Wednesday, October 16, 2013

Another oversimplified quantum physics metaphor

A simple web search of any keywords involving quantum physics, spirituality and god reveals articles that are a dime a dozen. Given any layman's rather limited understanding of what quantum physics is all about, not to mention most physicists not reaching any consensus on how to explain quantum physics in layman terms, means that I can add a few more intellectual sounding buzzwords to this quantum soup and get away with sounding pretty (and!) intelligent.

A concept of quantum physics that has always fascinated me is that the very act of measuring or observation changes the experiment. It forces the phenomenon being observed into a state that it wasn't in prior to the act of observation. In other words it affects the experiment. And hence another quantum physics metaphor that I would like to add to the growing list of "quantum physics explains everything".

Consider the concept of memory and recall. Say you have to commit to memory a long list of complicated calculus theorems (I don't know why you would...maybe to impress your equally dorky significant other), or a grocery shopping list for the next day (what happened to the smartphone or the old school post-it...just go along with me, will you?). Time = t0, You first look at the list and repeat it to your self. I poll you at time t1 and t2 to check how much of the list you remember. Time t3 is showtime. Now, imagine I didn't poll you at time t1 and t2 and you directly move to time t3 = showtime. You know where this is going. There is a much higher likelihood that you will remember more of your list when I polled you, than when I didn't. The very act of forcing you to recall reinforces the memory of the shopping list. The act of observation (is the shopping list in your memory?) changes the physical state of the memory by reinforcing it.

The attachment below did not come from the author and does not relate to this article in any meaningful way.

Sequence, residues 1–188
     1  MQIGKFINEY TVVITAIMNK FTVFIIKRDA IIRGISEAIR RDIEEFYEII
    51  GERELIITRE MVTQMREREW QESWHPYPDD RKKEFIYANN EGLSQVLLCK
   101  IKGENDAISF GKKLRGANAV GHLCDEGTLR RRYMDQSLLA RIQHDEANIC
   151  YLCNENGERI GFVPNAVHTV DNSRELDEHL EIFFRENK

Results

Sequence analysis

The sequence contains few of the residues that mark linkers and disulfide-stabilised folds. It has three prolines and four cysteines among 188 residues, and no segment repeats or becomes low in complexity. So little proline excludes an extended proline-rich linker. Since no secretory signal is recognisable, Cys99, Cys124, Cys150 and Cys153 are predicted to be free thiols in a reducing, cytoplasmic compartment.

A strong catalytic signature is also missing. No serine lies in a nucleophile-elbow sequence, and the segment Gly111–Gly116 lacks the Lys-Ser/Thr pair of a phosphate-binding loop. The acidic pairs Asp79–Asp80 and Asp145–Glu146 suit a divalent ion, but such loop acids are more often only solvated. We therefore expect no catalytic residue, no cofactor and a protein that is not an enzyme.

I feel very intellectual.

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